Advances in premium cabin product tend to follow a predictable trajectory; more real estate, improved seclusion from other passengers, larger IFE screens, new gastronomic concoctions, all tastefully accessorized with a sprinkling of designer-name amenity kits and lubricated with tip top bubbly.
The current and imminent pick of premium inflight offerings and product enhancements doesn’t disappoint, and it’s not surprising. The quest for consolidating passenger loyalty and upping the competition is unceasing. Now, there’s an additional factor in the mix — Premium Economy. This ubiquitous oxymoron proliferating at the rear of the fuselage has been snapping at the heels of business class, propelling the quality and specification of front-of-house offerings to even loftier altitudes.
But before we hit those enormous reclining seats, let’s kick off with some food for thought.
A Taste for Travel Food and travel have always been delectably symbiotic: Foodies love to travel, and passengers love their food; hence the rise of culinary tourism to the far flung corners of the world. When it comes to onboard catering, social media is a decisive catalyst driving competition and ingenuity. The trending habits of passengers Instagraming, Snapchatting, Tweeting and Facebooking photos of the food they encounter at 30,000 feet has brought about an increased consciousness of the diversity, quality and presentation of what airlines are serving. A great piece of culinary creativity can go viral. But by the same token, if your onboard sommelier’s recommendation doesn’t quite hit the spot,that cabin WiFi could be relaying an online rant to that passenger’s network before touch-down.
Social media and culinary tourism are pushing airlines to be creative, responsive and to devise palettable points of differentiation and brand engagement. One example: All Nippon Airways. First class passengers on flights from North America have recently been experiencing orange-flavored dressing using tomatoes from Fukushima.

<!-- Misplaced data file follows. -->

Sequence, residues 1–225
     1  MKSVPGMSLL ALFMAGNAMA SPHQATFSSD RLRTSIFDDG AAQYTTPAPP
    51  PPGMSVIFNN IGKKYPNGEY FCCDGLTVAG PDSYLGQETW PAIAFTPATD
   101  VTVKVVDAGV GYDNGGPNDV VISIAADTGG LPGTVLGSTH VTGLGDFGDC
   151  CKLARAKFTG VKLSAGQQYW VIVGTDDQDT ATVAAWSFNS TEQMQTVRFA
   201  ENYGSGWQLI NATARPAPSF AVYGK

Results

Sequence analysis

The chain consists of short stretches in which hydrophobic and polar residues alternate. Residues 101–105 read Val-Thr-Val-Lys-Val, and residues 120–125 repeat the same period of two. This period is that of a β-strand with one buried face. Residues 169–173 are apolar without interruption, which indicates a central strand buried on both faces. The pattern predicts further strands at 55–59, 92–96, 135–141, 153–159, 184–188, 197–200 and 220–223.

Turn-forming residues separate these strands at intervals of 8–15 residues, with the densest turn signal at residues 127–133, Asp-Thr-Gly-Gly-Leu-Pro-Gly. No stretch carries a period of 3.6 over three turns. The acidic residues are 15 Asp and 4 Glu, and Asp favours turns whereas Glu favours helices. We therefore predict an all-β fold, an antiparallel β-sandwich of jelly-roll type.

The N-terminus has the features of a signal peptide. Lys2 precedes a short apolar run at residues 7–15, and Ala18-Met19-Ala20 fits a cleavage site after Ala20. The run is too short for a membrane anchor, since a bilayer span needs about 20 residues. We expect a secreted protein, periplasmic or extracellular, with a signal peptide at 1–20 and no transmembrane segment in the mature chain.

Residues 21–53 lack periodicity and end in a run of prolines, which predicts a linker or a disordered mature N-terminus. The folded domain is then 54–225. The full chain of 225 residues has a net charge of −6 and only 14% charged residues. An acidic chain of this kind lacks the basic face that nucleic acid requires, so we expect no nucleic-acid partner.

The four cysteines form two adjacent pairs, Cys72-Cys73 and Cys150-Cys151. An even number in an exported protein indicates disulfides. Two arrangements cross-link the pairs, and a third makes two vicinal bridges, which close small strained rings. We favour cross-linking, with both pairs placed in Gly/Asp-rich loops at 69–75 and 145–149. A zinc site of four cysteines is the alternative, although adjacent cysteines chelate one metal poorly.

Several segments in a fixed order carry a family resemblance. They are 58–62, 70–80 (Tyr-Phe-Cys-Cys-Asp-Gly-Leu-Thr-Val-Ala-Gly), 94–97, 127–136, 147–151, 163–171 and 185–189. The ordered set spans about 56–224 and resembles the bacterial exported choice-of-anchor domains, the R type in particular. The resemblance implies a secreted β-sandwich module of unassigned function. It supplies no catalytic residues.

“So what?” you might ask. But here’s the thing: It’s all part of the airline’s ‘Tastes of Japan by ANA’ campaign which focuses the light of the rising sun on many of Japan’s more esoteric locales, from Fukuoka to Toyama. A pre-flight visit to their website at ana.co.jp/tastesofjapan/en/ outlines the exotic dishes on offer, the prefecture from where they originate, and the aircraft cabin/lounge/route combination on which they’re available.
Airline branding pioneer Singapore Airlines also enlists regional flavors with “Singapore Heritage Cuisine” this summer as the carrier celebrates the nation’s 50th birthday. “Peranakan food” – on which the promotion is based – “is a unique blend of Southeast Asian and European cultures that have evolved over centuries into a cuisine that is subtle, sophisticated and complex. It truly reflects our heritage,” explains SIA’s celebrity food consultant Shermay Lee, owner of the eponymous Shermay’s Singapore Fine Food.
During September, premium passengers can ‘Book the Cook’ to order Ayam Buah Keluak, Itek Siow or Nonya Pork Satay. Book the cook is SIA’s specially curated menu concept enabling premium passengers to ensure their favorite meal will be on their flight. (Remember to preorder at least 24 hours before departure.)
One of the key challenges in replicating onboard the gastro delights that are available in terrestrial-based eateries is having the right equipment in the kitchen. But as Julie Jarratt, Cathay Pacific’s communication manager Americas explains, the airline came to grips with galley technology before many of its competitors:
“In first class, Cathay was one of the first airlines to have rice cookers, toasters and skillets on board our aircraft, enabling our flight attendants to prepare freshly steamed rice, toasted bread and eggs cooked to passengers’ liking. Also in first class, our passengers can dine à la carte by choosing when they prefer to eat.”
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